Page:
Douglas-fir prefers acidic or neutral soils. However, Douglas fir exhibits considerable morphological plasticity, and on drier sites coast Douglas fir will generate deeper taproots. Interior Douglas fir exhibits even greater plasticity, occurring in stands of interior temperate rainforest in British Columbia, as well as at the edge of semi-arid sagebrush steppe throughout much of its range, where it generates even deeper taproots than coast Douglas fir is capable.
Mature or "old-growth" Douglas fir forest is the primary habitat of the red tree vole (Arborimus longicaudus) and the spotted owl (Strix occidentalis). Home range requirements for breeding pairs of spotted owls are at least 400 ha (4 square kilometres, 990 acres) of old-growth. Red tree voles may also be found in immature forests if Douglas fir is a significant component. This animal nests almost exclusively in the foliage of Douglas fir trees. Nests are located 2–50 metres (5–165 ft) above the ground. The red vole's diet consists chiefly of Douglas fir needles. A parasitic plant sometimes utilizing P. menziesii is Douglas-fir dwarf mistletoe (Arceuthobium douglasii).
The leaves are also used by the woolly conifer aphid Adelges cooleyi; this 0.5 mm long sap-sucking insect is conspicuous on the undersides of the leaves by the small white "fluff spots" of protective wax that it produces. It is often present in large numbers, and can cause the foliage to turn yellowish from the damage it causes. Exceptionally, trees may be partially defoliated by it, but the damage is rarely this severe. Among Lepidoptera, apart from some that feed on Pseudotsuga in general (see there) the gelechiid moths Chionodes abella and C. periculella as well as the cone scale-eating tortrix moth Cydia illutana have been recorded specifically on P. menziesii.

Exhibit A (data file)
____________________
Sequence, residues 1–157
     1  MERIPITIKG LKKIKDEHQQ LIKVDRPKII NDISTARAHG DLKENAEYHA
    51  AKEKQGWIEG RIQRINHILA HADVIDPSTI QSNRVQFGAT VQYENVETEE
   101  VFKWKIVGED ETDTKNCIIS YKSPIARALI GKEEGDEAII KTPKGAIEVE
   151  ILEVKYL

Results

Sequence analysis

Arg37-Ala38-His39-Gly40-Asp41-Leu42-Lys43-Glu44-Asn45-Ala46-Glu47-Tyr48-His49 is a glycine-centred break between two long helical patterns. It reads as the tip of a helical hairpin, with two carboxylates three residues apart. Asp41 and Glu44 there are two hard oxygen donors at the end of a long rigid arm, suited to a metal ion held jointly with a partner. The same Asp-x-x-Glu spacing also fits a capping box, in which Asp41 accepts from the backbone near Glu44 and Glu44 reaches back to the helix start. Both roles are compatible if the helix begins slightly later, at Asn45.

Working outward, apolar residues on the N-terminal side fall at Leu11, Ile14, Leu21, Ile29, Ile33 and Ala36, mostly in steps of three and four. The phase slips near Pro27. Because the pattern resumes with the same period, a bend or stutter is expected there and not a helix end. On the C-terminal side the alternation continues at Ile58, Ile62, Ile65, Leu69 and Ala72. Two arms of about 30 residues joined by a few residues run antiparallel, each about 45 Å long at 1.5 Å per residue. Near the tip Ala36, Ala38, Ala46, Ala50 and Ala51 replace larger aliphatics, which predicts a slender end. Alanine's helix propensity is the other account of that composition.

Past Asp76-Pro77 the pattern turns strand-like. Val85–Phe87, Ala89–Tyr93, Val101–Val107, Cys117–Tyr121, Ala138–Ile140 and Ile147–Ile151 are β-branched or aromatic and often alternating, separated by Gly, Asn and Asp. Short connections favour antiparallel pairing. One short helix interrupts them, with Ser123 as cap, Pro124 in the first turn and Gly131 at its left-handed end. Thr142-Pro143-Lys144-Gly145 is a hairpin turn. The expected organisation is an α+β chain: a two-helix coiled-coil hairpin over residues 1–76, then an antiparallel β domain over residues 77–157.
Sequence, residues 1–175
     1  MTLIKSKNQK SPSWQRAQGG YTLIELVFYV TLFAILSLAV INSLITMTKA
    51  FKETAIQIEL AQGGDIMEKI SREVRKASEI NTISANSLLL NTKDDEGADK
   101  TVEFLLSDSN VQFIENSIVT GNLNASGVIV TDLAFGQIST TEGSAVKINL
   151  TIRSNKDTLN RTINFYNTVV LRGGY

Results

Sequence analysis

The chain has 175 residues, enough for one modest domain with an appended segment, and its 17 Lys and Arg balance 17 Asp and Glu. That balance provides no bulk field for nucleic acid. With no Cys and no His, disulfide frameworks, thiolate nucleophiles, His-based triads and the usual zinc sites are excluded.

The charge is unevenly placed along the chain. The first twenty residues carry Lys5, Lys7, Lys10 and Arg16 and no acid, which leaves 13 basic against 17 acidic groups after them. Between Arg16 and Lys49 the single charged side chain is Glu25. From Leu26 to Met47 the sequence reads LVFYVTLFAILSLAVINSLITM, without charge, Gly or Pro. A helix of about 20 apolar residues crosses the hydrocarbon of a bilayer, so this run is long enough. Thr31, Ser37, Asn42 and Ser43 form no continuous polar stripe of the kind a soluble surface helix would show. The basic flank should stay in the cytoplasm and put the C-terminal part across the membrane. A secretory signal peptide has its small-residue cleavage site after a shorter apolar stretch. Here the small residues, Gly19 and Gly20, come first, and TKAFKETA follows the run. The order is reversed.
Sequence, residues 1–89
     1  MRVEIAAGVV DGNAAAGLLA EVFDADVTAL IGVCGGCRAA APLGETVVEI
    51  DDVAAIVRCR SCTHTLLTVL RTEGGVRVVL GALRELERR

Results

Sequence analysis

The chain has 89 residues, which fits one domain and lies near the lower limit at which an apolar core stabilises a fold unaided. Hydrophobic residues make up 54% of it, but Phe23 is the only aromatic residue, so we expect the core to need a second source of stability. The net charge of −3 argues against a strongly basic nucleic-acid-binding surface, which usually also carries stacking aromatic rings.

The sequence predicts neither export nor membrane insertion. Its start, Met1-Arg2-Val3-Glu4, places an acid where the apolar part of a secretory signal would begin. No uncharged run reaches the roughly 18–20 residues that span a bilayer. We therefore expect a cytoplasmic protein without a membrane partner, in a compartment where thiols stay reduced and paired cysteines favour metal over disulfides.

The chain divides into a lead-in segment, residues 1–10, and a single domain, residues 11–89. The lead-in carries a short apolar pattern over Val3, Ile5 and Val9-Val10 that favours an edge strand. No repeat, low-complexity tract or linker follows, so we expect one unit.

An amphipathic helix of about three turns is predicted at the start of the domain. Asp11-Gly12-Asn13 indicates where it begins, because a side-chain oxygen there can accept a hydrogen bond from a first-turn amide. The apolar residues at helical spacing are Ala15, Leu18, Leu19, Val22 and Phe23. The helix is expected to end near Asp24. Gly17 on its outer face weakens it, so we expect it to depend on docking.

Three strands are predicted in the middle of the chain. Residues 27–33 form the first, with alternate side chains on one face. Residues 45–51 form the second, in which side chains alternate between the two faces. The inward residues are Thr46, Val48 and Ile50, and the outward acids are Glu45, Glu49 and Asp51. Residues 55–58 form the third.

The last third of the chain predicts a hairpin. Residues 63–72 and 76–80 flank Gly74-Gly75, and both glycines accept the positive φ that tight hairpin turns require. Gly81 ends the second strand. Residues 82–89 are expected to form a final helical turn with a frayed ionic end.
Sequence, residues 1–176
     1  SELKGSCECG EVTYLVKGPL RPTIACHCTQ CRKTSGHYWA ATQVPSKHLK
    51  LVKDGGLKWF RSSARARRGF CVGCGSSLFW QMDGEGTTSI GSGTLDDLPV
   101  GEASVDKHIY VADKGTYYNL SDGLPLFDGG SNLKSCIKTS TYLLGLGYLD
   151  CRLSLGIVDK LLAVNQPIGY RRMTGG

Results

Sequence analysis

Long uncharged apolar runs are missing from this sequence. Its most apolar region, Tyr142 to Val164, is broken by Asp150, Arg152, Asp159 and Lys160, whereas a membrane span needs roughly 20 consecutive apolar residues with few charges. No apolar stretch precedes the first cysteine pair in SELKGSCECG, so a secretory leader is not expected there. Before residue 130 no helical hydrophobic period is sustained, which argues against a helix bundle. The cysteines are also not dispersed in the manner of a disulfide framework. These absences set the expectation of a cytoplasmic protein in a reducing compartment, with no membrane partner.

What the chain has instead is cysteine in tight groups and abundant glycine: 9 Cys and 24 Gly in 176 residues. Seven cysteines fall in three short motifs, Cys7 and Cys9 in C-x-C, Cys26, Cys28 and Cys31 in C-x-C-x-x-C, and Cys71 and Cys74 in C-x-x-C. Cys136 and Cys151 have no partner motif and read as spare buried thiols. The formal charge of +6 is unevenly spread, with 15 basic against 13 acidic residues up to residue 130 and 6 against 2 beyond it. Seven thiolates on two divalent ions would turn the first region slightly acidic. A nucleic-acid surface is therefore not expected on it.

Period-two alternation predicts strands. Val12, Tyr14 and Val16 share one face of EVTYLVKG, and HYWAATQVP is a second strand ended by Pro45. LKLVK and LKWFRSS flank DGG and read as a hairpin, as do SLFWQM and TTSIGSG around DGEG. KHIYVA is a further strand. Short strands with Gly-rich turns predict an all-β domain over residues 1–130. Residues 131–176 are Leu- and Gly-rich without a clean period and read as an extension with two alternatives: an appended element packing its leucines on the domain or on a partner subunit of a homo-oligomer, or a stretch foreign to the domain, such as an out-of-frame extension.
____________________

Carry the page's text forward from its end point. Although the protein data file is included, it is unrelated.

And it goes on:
The coast Douglas fir variety is the dominant tree west of the Cascade Mountains in the Pacific Northwest, occurring in nearly all forest types, competes well on most parent materials, aspects, and slopes. Adapted to a moist, mild climate, it grows larger and faster than Rocky Mountain Douglas fir. Associated trees include western hemlock, Sitka spruce, sugar pine, western white pine, ponderosa pine, grand fir, coast redwood, western redcedar, California incense-cedar, Lawson's cypress, tanoak, bigleaf maple and several others. Pure stands are also common, particularly north of the Umpqua River in Oregon.
This plant has ornamental value in large parks and gardens.
Away from its native area, it is also extensively used in forestry as a plantation tree for timber in Europe, New Zealand, Chile and elsewhere. It is also naturalised throughout Europe, Argentina and Chile (called Pino Oregón), and in New Zealand sometimes to the extent of becoming an invasive species (termed a wilding conifer) subject to control measures.
This was the preferred species for Hawaiian war canoes. The Hawaiians, of course, did not log the trees; they had to rely on driftwood.